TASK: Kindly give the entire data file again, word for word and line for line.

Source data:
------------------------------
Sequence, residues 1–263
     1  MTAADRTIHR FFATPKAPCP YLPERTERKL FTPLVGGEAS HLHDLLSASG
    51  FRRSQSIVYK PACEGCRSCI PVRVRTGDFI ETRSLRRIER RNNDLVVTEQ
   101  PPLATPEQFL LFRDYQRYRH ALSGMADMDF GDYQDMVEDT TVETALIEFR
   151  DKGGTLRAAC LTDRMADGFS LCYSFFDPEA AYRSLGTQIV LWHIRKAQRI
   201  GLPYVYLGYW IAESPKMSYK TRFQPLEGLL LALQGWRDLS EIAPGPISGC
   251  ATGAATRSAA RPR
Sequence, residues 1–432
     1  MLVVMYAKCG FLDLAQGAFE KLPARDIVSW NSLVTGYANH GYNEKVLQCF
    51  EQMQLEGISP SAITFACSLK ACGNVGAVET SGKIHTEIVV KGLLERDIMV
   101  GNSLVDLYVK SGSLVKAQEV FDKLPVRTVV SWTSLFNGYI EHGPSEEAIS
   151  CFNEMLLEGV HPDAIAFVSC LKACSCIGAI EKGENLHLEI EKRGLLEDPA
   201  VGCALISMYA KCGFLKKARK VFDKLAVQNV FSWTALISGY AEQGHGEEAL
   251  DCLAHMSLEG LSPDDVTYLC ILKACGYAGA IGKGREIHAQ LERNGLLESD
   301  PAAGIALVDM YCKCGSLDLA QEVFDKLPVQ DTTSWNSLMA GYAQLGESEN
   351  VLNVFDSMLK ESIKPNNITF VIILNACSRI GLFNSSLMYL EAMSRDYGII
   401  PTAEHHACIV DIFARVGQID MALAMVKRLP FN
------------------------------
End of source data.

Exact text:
Sequence, residues 1–263
     1  MTAADRTIHR FFATPKAPCP YLPERTERKL FTPLVGGEAS HLHDLLSASG
    51  FRRSQSIVYK PACEGCRSCI PVRVRTGDFI ETRSLRRIER RNNDLVVTEQ
   101  PPLATPEQFL LFRDYQRYRH ALSGMADMDF GDYQDMVEDT TVETALIEFR
   151  DKGGTLRAAC LTDRMADGFS LCYSFFDPEA AYRSLGTQIV LWHIRKAQRI
   201  GLPYVYLGYW IAESPKMSYK TRFQPLEGLL LALQGWRDLS EIAPGPISGC
   251  ATGAATRSAA RPR
Sequence, residues 1–432
     1  MLVVMYAKCG FLDLAQGAFE KLPARDIVSW NSLVTGYANH GYNEKVLQCF
    51  EQMQLEGISP SAITFACSLK ACGNVGAVET SGKIHTEIVV KGLLERDIMV
   101  GNSLVDLYVK SGSLVKAQEV FDKLPVRTVV SWTSLFNGYI EHGPSEEAIS
   151  CFNEMLLEGV HPDAIAFVSC LKACSCIGAI EKGENLHLEI EKRGLLEDPA
   201  VGCALISMYA KCGFLKKARK VFDKLAVQNV FSWTALISGY AEQGHGEEAL
   251  DCLAHMSLEG LSPDDVTYLC ILKACGYAGA IGKGREIHAQ LERNGLLESD
   301  PAAGIALVDM YCKCGSLDLA QEVFDKLPVQ DTTSWNSLMA GYAQLGESEN
   351  VLNVFDSMLK ESIKPNNITF VIILNACSRI GLFNSSLMYL EAMSRDYGII
   401  PTAEHHACIV DIFARVGQID MALAMVKRLP FN